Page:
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Some evacuations ahead of nor'easter; Mother Nature 'going to keep kicking us'

David Friedman / NBC News

Richard Mele of Breezy Point, N.Y., on Tuesday looks over some fishing tackle he salvaged from his flooded home.

BREEZY POINT, N.Y. -- With a nor'easter expected by Wednesday afternoon, residents of the areas hardest hit by Superstorm Sandy were urged to leave and, in some cases, ordered to. Some airlines also announced cancellations at New York area airports starting Wednesday afternoon.

People still in low-lying areas of Staten Island and the Rockaways are being urged to leave, New York City Mayor Michael Bloomberg said Tuesday. He also ordered parks and beaches closed on Wednesday.

In New Jersey, Brick Township ordered mandatory evacuations, NBCPhiladelphia.com reported. That area of Ocean County was where Sandy made landfall on Oct. 29.

The developing nor'easter is expected to track farther offshore than earlier thought, but that will mean even colder air along the coast.

Gusts up to 50 miles per hour and several inches of snow are possible in New York City and along the New Jersey coast starting Wednesday evening, the National Weather Service warned Tuesday.


"It's going to impact many areas that were devastated by Sandy," said National Weather Service forecaster Bruce Terry. "It will not be good." 

Outside of Manhattan, New York residents are still facing a power outage as temperatures drop and the region braces for another storm. NBC's Stephanie Gosk reports.

Some coastal flooding is also a possibility in places like Breezy Point in the Rockaways.

Richard Mele, a 68-year-old retired New York City firefighter, was pumping out water from his flooded basement in Breezy Point to try and salvage any keepsakes ahead of the nor’easter. 

"There’s no stopping this water from coming again tomorrow," he said, as a generator hummed in the background and while standing in front of a table bearing rare wooden, handmade fishing lures. 

The ground is so saturated that Mele can’t get the water out permanently. "It’s going to rain three inches," he said. "It’s going right in my basement."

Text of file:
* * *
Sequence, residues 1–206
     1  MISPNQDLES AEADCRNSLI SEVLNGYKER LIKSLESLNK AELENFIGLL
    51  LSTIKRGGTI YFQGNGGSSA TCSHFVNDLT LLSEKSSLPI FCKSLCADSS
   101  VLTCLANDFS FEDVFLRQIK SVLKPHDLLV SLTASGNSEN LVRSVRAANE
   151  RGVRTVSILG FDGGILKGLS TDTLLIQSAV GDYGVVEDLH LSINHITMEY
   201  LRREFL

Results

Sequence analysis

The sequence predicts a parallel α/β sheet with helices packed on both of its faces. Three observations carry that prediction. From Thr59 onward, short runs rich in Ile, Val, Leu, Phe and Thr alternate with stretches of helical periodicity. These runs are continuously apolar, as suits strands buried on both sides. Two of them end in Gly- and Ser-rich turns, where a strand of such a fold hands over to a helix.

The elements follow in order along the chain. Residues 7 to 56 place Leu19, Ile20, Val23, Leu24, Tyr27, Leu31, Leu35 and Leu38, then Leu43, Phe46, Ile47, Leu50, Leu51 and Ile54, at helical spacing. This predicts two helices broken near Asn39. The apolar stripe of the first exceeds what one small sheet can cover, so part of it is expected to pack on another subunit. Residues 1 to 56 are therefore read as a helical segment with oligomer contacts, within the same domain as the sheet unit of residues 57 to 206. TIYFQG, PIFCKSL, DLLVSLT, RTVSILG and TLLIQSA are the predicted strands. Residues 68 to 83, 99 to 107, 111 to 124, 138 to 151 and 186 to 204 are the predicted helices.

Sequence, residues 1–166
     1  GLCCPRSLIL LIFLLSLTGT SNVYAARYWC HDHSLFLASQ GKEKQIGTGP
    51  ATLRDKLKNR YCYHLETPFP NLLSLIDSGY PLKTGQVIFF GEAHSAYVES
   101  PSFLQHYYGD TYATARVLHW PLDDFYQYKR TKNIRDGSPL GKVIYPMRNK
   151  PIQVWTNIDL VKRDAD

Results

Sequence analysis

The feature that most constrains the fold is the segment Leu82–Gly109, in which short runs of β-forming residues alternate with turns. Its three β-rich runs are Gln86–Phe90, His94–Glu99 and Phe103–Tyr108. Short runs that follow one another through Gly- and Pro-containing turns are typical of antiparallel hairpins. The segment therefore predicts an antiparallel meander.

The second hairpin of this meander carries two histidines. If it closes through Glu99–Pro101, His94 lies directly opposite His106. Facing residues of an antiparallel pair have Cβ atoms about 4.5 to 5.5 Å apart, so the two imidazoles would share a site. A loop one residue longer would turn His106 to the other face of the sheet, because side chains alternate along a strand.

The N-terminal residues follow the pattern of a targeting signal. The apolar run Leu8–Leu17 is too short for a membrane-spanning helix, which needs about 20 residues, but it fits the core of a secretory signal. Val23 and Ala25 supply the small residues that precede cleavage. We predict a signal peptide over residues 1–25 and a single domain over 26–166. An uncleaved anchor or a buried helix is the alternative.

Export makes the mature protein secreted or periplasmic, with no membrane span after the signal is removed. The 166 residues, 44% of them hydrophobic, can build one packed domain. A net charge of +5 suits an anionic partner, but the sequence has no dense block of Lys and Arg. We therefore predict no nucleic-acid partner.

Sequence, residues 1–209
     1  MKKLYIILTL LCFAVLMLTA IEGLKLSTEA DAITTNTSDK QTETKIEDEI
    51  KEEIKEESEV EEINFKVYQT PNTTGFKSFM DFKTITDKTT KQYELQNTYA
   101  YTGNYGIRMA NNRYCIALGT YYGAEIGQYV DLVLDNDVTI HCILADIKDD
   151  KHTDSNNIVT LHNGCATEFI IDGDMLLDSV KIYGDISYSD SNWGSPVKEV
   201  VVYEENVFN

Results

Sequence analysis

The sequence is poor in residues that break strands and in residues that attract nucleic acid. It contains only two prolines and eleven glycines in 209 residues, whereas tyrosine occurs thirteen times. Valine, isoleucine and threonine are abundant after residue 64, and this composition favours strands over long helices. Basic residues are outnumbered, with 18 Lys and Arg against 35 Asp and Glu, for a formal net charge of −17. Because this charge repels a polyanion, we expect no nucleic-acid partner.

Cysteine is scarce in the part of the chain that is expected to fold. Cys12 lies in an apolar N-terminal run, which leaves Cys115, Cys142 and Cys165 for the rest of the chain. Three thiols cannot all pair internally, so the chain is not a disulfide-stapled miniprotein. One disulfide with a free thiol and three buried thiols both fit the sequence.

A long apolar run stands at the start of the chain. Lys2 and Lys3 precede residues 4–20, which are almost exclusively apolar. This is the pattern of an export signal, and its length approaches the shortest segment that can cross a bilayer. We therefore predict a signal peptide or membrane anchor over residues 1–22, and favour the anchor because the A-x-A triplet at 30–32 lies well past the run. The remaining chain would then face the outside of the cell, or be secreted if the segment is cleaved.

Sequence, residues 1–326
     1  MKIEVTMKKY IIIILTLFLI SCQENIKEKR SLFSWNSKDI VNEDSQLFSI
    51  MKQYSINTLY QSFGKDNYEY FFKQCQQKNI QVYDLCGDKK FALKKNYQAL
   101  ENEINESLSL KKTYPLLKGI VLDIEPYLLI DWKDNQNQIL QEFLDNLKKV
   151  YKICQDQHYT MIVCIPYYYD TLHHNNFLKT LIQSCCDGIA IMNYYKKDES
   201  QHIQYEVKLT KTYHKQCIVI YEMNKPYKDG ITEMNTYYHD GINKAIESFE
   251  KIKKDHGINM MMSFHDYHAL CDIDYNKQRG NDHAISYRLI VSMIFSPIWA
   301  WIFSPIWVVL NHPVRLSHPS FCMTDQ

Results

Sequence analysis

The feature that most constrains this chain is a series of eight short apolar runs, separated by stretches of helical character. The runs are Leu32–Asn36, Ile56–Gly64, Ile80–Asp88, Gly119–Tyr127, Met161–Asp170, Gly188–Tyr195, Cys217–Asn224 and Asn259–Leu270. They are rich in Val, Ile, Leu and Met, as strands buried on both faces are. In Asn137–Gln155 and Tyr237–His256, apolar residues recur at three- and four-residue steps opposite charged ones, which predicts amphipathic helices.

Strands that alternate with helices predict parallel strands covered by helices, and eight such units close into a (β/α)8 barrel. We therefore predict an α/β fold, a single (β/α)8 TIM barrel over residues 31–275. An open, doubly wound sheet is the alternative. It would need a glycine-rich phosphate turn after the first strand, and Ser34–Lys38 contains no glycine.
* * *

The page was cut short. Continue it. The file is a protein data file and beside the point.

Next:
"When it rains it pours," he added. "We’re down and it’s just going to keep kicking us."

Michele Nagel, in her 40s, said she'd close the windows and that was about it.

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“Everything we own is outside on the porch. It’s all awash, literally, it’s awash,” she laughed. “Nothing else you can do.”

The worst flooding is expected "at high tide, mainly along northern and northeast-facing beaches," weather.com reported, "but will be much lower than the magnitude of Sandy's coastal flooding."

Temperatures across the Northeast have been dipping into the low 30s, and nearly one million homes and businesses remained without power as of Tuesday morning. 

The updated forecast now calls for snow.

"Cold air will wedge itself along the I-95 corridor to bring some accumulating snows from Delaware to Maine," the weather service's prediction center stated. "A few inches are possible" in cities like New York, Boston and Philadelphia, it added.

From weather.com: Storm's city-by-city forecasts
Full coverage of Sandy's aftermath

The incoming storm will create additional storm surge, wind, and more power outages for the already besieged East Coast. Weather Channel meteorologist Jim Cantore reports.

In Point Pleasant Beach, N.J., Laura DiPasquale on Monday frantically searched dozens of trash bags that volunteers had stuffed full of her household belongings and brought to the curb, trying to make sure nothing she intended to keep had gotten tossed out with debris.

"I don't know where anything is; I can't even find my checkbook," she told The Associated Press. "I have no idea what's in any of these bags. And now another storm is coming and I feel enormous pressure. I don't know if I can do this again. It is so overwhelming."

Want to help the recovery? Here's how

Sandy roared ashore as a rare hybrid superstorm after killing 69 people in the Caribbean and then merging with a strong North Atlantic system.

It killed at least 113 in the United States and knocked out power to millions of people while swamping seaside towns and inundating New York City's streets and subway tunnels.

Residents across the Northeast pick up the pieces after Superstorm Sandy killed more than 100 people in 10 states and left a trail of destruction.

More than 217,000 people had registered for assistance from the Federal Emergency Management Agency and about $199 million in has been provided, Reuters reported.

The Associated Press and Reuters contributed to this report.

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